WEST BATH — It’s a sunny, late summer day on the Maine coast. You’re cruising in your car on a two-lane road and you want to hear some music to fit your upbeat mood. Seemingly by accident, you hit the AM radio button on the dash and out pours the voice of Tom Jones, prancing and preening through the two-minute workout entitled “It’s Not Unusual.”

Suddenly, as the sun reflects off the water beyond your windshield, your vision is slightly clouded and you could swear it’s 1965 again and you’re headed to the Sou’wester burger stand for a vanilla coke before hitting Cedar Beach. What was it you were doing? What does it matter? Here come the banjo chords of “Those Lazy, Hazy, Crazy Days of Summer” by Nat “King” Cole strumming over the airwaves and the time warp is nearly complete.

“Music evokes emotion, and emotion can bring with it memory… it brings back the feeling of life when nothing else can,” the late neurologist and best-selling author Oliver Sachs once wrote.

Musical memories are broadcast 24 hours a day across a vast swath of the Northeast from a slightly musty studio tucked into an obscure, but beautiful, corner of West Bath near the New Meadows River. Here, Bob Bittner, a veritable one-man band of “warm and cozy” music, produces one of the most eclectic, engaging and, OK, somewhat eccentric, playlists heard anywhere over the airwaves.

“I play music from the 1930s to the 1980s,” the 66-year-old said during an interview at his studio. “But my focus is from 1945 to 1979, when people, at least some people, were happiest in this country.”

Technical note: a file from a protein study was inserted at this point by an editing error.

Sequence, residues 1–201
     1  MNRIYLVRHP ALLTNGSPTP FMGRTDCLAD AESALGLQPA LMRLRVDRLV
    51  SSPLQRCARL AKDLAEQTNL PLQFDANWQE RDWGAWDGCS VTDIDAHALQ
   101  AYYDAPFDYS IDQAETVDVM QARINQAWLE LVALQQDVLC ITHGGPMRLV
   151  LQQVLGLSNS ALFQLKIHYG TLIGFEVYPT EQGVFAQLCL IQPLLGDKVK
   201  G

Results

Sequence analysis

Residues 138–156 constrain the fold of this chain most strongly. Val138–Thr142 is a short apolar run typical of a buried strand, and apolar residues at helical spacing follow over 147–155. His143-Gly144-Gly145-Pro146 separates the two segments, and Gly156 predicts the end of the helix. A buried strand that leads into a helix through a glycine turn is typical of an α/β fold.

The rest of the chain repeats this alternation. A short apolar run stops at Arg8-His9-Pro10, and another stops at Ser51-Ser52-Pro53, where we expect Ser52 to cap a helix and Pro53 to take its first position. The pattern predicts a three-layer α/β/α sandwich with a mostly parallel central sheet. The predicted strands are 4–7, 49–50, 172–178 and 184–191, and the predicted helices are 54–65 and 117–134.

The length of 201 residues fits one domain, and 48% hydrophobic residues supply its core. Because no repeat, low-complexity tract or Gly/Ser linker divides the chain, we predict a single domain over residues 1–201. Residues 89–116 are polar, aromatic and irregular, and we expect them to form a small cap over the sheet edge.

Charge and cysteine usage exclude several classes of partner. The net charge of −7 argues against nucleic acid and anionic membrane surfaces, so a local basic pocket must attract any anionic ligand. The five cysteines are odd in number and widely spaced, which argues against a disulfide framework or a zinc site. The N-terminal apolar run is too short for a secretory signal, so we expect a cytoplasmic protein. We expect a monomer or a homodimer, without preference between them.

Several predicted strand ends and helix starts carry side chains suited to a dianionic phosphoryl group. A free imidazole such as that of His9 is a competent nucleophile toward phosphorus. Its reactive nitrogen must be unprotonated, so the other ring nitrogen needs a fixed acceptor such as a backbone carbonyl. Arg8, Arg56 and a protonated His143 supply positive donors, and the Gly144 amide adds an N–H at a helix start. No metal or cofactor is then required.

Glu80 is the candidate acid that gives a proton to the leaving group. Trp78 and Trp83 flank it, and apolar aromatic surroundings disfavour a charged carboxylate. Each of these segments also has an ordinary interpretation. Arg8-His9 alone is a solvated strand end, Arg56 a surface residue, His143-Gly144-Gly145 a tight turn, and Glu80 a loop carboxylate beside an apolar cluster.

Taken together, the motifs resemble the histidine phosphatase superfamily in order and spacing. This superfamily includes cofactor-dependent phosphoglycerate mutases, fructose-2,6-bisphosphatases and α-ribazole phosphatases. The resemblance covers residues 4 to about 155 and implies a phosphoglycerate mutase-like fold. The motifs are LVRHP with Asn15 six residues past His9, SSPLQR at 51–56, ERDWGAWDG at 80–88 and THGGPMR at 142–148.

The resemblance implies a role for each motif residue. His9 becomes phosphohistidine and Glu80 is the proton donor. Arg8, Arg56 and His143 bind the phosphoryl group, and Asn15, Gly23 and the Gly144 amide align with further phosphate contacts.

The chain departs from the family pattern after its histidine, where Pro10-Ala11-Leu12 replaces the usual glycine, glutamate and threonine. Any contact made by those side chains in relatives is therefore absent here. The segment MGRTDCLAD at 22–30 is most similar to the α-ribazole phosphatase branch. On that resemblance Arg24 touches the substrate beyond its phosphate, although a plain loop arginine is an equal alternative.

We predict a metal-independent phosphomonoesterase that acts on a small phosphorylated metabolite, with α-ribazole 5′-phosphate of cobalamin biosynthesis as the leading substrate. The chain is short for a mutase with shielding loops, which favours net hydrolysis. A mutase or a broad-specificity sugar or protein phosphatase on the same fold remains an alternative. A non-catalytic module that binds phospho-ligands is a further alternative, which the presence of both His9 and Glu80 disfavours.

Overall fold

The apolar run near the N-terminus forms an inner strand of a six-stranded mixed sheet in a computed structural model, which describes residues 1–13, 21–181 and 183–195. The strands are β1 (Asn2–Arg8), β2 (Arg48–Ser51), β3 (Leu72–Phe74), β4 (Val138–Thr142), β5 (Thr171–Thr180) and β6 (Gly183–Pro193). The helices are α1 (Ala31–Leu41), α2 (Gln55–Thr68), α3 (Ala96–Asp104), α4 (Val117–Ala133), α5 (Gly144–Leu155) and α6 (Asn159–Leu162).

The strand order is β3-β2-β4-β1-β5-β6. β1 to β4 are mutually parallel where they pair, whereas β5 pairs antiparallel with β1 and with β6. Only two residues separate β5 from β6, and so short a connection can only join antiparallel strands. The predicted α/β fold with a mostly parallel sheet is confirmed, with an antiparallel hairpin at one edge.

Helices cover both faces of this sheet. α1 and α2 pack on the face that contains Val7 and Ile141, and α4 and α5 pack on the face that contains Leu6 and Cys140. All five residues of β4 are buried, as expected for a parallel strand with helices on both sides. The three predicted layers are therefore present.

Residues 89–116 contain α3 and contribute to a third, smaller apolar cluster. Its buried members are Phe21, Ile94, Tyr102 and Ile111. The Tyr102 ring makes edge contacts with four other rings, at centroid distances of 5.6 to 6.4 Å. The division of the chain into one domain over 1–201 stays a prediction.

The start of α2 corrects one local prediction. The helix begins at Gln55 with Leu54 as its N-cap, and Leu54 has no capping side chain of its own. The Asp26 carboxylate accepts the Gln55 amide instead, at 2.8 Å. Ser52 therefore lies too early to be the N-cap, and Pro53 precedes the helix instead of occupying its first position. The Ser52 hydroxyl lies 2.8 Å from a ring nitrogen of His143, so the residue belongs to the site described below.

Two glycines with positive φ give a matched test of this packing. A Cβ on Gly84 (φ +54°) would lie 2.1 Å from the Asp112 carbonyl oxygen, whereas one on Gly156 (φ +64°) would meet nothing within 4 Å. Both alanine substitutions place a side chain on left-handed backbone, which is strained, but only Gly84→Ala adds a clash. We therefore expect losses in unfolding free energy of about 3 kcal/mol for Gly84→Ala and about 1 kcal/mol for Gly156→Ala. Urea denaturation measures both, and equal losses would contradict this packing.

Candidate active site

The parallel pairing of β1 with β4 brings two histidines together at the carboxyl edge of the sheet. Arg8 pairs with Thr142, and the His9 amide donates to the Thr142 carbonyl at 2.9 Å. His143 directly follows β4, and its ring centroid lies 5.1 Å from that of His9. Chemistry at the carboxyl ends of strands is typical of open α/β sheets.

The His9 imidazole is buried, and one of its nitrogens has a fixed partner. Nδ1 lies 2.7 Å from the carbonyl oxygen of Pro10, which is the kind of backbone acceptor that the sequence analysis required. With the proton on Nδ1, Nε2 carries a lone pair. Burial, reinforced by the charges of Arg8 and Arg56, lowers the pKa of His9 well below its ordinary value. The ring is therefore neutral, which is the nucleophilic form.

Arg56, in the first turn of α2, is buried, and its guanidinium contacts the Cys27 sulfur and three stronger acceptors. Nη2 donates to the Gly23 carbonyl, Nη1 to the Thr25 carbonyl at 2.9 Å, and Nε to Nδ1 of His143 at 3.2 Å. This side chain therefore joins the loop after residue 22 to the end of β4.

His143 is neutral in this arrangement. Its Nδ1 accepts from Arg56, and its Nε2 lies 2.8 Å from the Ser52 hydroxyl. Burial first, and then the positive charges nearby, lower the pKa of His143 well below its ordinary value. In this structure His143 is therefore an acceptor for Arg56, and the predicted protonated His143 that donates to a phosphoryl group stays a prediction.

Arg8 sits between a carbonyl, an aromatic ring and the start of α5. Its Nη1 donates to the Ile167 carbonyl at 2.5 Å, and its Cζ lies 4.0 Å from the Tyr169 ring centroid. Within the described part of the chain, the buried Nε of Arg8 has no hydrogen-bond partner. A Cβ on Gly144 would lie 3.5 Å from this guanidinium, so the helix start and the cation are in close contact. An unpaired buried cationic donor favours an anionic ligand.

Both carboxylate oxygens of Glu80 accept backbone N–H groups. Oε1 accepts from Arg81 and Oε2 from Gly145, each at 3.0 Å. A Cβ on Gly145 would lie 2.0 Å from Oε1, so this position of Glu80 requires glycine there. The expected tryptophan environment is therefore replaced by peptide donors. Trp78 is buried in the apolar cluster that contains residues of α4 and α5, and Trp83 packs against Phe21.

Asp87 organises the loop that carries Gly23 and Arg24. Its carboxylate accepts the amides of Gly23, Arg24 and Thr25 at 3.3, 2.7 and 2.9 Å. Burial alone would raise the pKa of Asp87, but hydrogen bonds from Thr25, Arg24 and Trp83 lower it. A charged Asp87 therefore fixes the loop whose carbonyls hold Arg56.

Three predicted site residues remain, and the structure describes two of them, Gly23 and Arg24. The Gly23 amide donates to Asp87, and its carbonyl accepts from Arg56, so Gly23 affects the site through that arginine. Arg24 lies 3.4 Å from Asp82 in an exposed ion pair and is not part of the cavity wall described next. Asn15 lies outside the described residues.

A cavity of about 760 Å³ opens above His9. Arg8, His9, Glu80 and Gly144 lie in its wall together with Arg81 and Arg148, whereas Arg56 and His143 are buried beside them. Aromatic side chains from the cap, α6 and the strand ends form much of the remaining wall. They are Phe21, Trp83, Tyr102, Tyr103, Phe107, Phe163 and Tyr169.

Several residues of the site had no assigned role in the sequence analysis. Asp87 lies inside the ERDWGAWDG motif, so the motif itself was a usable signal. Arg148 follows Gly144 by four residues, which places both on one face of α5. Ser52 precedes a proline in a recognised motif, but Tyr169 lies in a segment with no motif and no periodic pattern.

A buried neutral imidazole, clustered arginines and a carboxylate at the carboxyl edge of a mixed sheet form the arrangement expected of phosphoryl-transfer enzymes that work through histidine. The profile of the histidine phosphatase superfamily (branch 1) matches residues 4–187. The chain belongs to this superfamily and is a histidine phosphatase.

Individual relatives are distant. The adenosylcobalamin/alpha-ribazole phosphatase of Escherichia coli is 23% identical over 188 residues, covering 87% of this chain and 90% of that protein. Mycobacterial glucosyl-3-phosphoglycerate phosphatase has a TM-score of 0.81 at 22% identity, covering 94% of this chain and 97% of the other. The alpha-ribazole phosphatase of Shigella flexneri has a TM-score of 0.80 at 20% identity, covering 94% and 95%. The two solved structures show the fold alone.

Where else other than the “Memories Stations” can you tune in and catch classics like “Fascinating Rhythm” by Ella Fitzgerald, followed by “Midnight at the Oasis” by Maria Muldaur, mixed in with crooners from the 1930s and an instrumental version of “Ruby Tuesday” by the London Philharmonic Orchestra? Of course, some musical memories are best left undisturbed: Few stations these days can find time for Paul Anka’s “Having My Baby,” a cringe-inducing pean to paternalism. Bittner still plays it.


And, to mangle another Anka-penned ballad, Bittner does it his way. No commercials, although the stations he owns – WJTO, 730-AM and 98.3-FM in Maine and WJIB, 740-AM in Cambridge, Massachusetts – are commercially licensed. He recently completed a successful on-air fundraising campaign, but he only seeks the money needed to simulcast his music on all the stations – about $129,000, combined. Listeners’ contributions, which are not tax deductible, must be sent as checks and money orders through the U.S. mail, and are deposited in local banks.

Bittner’s tobacco-cured baritone is the only voice you’ll hear outside of the songs and the occasional public service announcement. And you hear him night and day – even during the classic country show on Sunday mornings. And he’s not afraid to use his bully pulpit to offer his democratically tinged libertarian views and take on a lineup of bad guys: genetically altered foods, credit card companies, welfare programs, water polluters and big Pharma.